I also finally got my new shirt, which features me wearing a picture of me wearing a picture of myself. This shirt will imbue me with even more power—because what’s more powerful than adorning yourself with your own image? You can get your own on my teespring site, which has this shirt as well as the non-recursive version. Profits go to me and world’s best derby photographer Bone Appétit to fund derby travel.
Making Things and Doing Stuff
Here are some things I did this week.
Roller Derby Life
Our game against Santa Cruz went really well! It was a close game throughout, which means our opponent was a good match, but we won in the end. It’s always satisfying to win a close game. Knowing that the game could have easily gone either way, but that we won, makes it feel like we accomplished something. I thought all my teammates did a really good job and it was fun to have a big crowd at the Rink. I also got the award for best blocker, which is always exciting! Although I am pretty sure that in some games, I’m not actually the best, just the one with the hits that my opponents most remember.
I also found out this week that I did not make the travel B team. It didn’t surprise me but I was hoping for that extra bit of validation. The upside is that I don’t have to adjust my practice schedule and I get to stay with all my friends.
My Spanish teacher Oliva and I discussed learning versus acquiring a language, inspired by this video in which the author spends a year learning Arabic. Linguists differentiate between acquiring a language (learning like a baby would, by interacting with people who speak the language) versus learning it (like you would do in school, memorizing grammar and vocabulary). In the video, the author sets out to acquire Arabic by having language exchanges and lessons with native speakers. I will say it made me nostalgic for learning Arabic, although I suppose the matter of that language is a discussion for another day. I like some of the strategies he used, but I found it presumptuous that he suggested you could just approach people you know and ask them to help you learn a language, as if that’s not a big investment of time and labor. In any case, I am going to try to incorporate some of the spirit of this into my own learning. I tend to focus on my flashcards and drills because it has a certain predictability that I enjoy, but I know I need to spend more time reading and listening and getting that comprehensible input. I’m hoping this will especially help my Icelandic, since that is a tricky language and I’m super bad at understanding the spoken language.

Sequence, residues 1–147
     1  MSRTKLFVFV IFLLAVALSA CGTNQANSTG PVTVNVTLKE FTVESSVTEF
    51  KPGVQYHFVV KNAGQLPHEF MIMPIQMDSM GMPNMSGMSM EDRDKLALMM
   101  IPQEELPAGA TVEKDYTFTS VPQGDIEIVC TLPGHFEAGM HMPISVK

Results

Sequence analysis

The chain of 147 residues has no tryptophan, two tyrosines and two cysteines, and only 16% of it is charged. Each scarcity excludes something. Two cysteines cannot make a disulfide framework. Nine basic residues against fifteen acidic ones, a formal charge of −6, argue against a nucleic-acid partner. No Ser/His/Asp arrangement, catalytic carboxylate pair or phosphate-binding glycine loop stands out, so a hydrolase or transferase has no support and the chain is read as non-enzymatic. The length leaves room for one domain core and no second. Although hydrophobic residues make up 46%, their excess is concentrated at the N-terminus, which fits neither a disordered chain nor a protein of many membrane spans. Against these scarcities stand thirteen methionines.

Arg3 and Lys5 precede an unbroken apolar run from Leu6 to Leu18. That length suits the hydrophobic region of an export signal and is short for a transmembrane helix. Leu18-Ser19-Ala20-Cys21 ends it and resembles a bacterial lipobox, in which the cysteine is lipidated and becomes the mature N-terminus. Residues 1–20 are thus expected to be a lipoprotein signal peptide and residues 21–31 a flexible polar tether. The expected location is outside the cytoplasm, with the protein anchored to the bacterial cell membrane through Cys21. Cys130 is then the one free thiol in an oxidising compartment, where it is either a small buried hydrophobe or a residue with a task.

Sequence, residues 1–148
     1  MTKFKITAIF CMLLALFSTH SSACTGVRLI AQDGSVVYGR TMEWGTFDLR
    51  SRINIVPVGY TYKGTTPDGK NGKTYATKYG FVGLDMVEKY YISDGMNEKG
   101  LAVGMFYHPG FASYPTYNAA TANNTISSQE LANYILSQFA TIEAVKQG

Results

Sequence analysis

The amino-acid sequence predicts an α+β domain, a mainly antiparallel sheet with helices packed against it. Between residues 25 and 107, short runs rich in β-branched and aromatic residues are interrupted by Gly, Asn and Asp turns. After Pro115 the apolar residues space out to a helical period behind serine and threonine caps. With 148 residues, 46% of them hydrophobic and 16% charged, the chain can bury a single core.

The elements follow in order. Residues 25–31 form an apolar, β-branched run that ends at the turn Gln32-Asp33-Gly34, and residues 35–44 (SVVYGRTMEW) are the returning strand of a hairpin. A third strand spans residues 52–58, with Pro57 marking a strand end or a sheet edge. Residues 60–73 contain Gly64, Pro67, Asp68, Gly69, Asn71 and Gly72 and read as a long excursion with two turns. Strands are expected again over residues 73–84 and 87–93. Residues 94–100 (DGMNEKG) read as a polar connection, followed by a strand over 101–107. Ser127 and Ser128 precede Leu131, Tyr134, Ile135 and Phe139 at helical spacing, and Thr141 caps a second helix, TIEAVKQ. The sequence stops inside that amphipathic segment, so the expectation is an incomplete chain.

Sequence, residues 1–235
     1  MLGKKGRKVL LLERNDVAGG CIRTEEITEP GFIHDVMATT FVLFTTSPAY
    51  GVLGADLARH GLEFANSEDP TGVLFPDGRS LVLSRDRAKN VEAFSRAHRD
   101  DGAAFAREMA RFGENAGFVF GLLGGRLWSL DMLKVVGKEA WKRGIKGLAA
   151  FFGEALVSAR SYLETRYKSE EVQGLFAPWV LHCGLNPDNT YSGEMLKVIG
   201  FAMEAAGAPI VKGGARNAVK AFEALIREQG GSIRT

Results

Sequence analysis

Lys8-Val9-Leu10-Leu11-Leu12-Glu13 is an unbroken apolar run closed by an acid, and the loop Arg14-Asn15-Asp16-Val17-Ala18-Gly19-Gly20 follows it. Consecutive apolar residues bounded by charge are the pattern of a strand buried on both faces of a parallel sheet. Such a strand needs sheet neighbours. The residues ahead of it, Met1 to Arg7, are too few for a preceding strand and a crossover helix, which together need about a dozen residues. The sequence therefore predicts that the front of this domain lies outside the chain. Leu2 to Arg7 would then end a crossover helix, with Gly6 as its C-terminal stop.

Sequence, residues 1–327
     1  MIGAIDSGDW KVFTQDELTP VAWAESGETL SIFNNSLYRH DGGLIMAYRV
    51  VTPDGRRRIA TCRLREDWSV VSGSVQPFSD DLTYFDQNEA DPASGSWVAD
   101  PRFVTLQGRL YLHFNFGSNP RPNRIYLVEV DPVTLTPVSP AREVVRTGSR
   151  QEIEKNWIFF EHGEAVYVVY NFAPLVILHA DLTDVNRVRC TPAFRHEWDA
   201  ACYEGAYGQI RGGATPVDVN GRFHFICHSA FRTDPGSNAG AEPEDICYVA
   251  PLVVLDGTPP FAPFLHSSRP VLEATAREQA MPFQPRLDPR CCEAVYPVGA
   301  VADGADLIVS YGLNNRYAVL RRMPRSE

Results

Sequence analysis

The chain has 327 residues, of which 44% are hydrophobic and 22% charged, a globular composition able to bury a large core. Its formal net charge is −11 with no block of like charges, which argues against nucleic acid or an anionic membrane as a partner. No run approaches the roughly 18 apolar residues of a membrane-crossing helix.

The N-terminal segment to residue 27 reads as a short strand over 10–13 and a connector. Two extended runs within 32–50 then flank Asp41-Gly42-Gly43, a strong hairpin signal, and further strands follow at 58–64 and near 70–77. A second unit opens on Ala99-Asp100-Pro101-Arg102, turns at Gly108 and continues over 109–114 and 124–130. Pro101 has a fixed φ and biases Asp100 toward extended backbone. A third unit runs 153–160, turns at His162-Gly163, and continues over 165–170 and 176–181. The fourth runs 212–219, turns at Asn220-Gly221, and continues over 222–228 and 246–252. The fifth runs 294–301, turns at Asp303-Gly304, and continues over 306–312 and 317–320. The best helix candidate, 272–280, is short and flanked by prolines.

If you follow me on instagram, you’ve seen this already, but I am proud of my handiwork, so I’m sharing it again. I finished a baby quilt for my friend Mandy and her forthcoming baby. I choose fabrics to celebrate her heritage and I think the end result turned out great, especially considering my limited quilting experience.
We went to the farmers market last Sunday so of course I spent this week making lots of good food based on what I found there. For the most part, I didn’t cook anything too elaborate, but I enjoy the task of making simple food extra tasty.
Chicken caesar salad with carrots and lettuce from the farmers market. I grill up a bit of chicken and the result is a very simple meal.
Macaroni and cheese plus some broccoli. This colby jack cheese from the farmers market is basically the perfect cheese for macaroni.
Pesto. I bought a huge bunch of basil from the farmers market with the intention of making pesto, but without a clear idea of what to do with it. Luckily I discovered some inspiration.
Walnut pesto, and cheese rolls. The recipe is from “The Harvest Baker,” and these are basically all I want to eat now.
I grilled a pork tenderloin and glazed (in a manner of speaking) it with pesto. Served with grilled zucchini and mashed potatoes, and of course, more pesto.
After stating on facebook that I wanted to replace posting there with weekly newsletters, here I am. I did look a little bit at newsletter applications, but then I thought, I’m paying for this website and why not use it? I’m bringing blogging back.